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Lebanon City Fire Department’s latest apparatus, BEST, was the star of the Pennsylvania Association of Career Fire Chiefs’ three-day meeting held here last week.

On Thursday, Jan. 26, which was Training Day in the conference schedule, about 45 fire chiefs from across the commonwealth witnessed a demonstration by Lebanon city fire company officials of its Battery Extinguish System Technology (BEST), which is used to fight electric vehicle fires. 

Lebanon City Fire Department had a chance to demonstrate its cutting-edge Battery Extinguish System Technology (BEST) device at a statewide meeting of fire chiefs that was held in Lebanon last week. (James Mentzer)

“Lebanon was the first fire company in Pennsylvania to buy the system,” said Manuel Radinger, component representative of Rosenbauer, the company that manufactures BEST, “and there are about 200 units across the entire United States with three or four located on the entire Eastern seaboard.”

As more electric cars are purchased by consumers, there will be a growing need for more BEST systems to be deployed by fire companies, according to Lebanon City Fire Department Captain Scott Daub. “We haven’t had a chance to use ours yet, but we are ready if the need arises.”

Daub said the city purchased the unit – which Radinger said retails for $30,000 – because electric car batteries are located beneath the car’s body and stretch the entire length. Its location makes extinguishing a fire in the battery unit problematic with the use of conventional equipment.

“When you have a fire in a non-electric vehicle, a fire company will use about 500 gallons of water,” said Daub. “An electric vehicle fire, however, can take at least 10,000 gallons of water to extinguish, which can be problematic if you don’t have a hydrant or tanker truck nearby.”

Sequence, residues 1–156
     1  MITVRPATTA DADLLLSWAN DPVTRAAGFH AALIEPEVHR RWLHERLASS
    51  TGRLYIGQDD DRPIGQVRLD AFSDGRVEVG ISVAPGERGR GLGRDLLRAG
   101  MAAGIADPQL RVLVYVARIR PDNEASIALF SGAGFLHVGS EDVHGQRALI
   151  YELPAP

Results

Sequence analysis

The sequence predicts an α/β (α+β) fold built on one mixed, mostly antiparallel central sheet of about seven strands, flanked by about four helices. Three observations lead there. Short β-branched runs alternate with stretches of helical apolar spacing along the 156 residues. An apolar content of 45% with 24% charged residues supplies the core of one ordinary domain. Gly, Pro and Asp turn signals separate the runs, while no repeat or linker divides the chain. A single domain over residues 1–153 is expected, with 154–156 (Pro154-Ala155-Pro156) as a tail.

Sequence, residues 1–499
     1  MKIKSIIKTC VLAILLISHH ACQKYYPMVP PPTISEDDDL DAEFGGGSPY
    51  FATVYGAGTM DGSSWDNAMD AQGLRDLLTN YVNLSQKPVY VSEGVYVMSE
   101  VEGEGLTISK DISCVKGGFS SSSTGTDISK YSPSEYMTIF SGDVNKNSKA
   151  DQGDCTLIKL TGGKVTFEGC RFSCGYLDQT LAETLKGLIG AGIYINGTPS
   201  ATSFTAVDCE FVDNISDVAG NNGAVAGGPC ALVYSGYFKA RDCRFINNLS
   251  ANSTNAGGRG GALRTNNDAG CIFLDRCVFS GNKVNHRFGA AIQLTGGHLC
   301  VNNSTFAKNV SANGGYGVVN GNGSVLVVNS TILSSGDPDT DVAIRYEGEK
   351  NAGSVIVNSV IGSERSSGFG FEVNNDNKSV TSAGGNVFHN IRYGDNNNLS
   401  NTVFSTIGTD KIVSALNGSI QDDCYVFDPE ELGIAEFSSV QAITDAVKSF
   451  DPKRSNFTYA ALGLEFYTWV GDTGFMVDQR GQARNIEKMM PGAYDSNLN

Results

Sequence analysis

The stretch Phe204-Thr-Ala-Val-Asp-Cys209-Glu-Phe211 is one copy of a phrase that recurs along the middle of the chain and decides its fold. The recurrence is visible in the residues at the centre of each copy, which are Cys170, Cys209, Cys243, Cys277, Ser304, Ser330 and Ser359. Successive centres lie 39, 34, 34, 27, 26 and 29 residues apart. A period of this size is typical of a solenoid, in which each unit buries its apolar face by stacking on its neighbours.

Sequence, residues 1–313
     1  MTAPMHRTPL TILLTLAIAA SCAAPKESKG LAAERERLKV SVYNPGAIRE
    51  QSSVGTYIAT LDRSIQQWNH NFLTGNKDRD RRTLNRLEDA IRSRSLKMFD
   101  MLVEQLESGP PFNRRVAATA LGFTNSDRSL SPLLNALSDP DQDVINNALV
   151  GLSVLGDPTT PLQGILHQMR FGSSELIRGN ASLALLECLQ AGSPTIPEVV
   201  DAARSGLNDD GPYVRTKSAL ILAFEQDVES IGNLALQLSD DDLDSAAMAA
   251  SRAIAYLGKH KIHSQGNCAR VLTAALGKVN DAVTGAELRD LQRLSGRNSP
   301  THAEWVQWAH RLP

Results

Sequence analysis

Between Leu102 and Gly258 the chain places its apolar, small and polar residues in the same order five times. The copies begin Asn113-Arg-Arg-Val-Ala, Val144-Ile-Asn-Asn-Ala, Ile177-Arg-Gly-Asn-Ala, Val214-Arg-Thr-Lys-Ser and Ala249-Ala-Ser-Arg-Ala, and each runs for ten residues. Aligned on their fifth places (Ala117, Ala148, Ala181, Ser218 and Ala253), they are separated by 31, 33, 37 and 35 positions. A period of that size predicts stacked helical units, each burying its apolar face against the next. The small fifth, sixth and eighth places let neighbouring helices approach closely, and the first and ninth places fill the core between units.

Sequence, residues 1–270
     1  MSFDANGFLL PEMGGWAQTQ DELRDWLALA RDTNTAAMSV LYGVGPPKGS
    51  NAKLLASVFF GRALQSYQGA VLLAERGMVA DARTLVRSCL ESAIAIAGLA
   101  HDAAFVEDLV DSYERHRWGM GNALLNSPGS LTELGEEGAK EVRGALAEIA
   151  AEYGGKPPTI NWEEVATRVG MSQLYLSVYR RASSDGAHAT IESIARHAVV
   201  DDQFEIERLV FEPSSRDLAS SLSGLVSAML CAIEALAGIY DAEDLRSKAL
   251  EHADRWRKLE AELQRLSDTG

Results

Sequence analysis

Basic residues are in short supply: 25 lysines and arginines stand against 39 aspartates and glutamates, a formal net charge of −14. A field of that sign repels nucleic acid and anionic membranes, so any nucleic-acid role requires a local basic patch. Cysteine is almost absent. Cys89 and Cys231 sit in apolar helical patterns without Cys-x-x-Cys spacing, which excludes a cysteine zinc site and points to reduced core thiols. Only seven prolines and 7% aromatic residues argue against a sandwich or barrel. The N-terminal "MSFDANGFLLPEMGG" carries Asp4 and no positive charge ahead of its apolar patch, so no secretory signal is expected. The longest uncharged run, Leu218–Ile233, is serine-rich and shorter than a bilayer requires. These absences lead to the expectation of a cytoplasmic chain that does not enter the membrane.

Case in point: Last November, a Tesla caught on fire on I-80 in Clearfield County and was completely ruined, with nothing remaining but charred material that didn’t even resemble a car. 

“Some people say, ‘Well, let it burn itself out,’” said Daub. “But that could take hours. Just imagine shutting down Cumberland Street for hours to let a car burn itself out.”

Radinger said the device has an extended arm so that the device can be maneuvered to the undercarriage from a distance. A hose attaches to the squared-shaped unit and then a simple switch of the power button on the separate control panel engages the unit to shoot water out of a nozzle located in the middle of the box-shaped device.

In addition to the demonstration, Thursday’s schedule also included legislative updates from state fire association officials, an additional educational seminar presented by UGI Utilities on natural gas, and an information-gathering session with state government officials.

The legislative portion of the day’s program highlighted a number of ongoing issues facing all fire companies, both volunteer- and career-based. Recruitment/retention, fire company consolidation, fireworks and funding highlighted the morning discussion with Jerry Ozog, executive director of the Pennsylvania Fire and Emergency Services Institute, and the information-gathering meeting attended by state Sen. Chris Gebhard (R-48) and state Rep. John Schlegel (R-101).

City of Lebanon Fire Commissioner Duane Trautman, left, participates in a discussion, moderated by Jerry Ozog, with state Rep. John Schlegel (R-101) and state Sen. Chris Gebhard (R-48) during the Thursday session of the Pennsylvania Association of Career Fire Chiefs conference, held in Lebanon last week. (James Mentzer)

The association opposes the legislation that made fireworks legal in Pennsylvania, saying fireworks “kill, maim and cause fires that put people’s lives in danger.” They also said the statute confuses people and is non-uniform since urban areas differ from their rural counterparts. Most favor local municipalities governing whether fireworks should be legal within their jurisdictions.

“I agree that local municipalities should make that decision at the local level,” said Gebhard. “Philadelphia County certainly is different than Lebanon County.”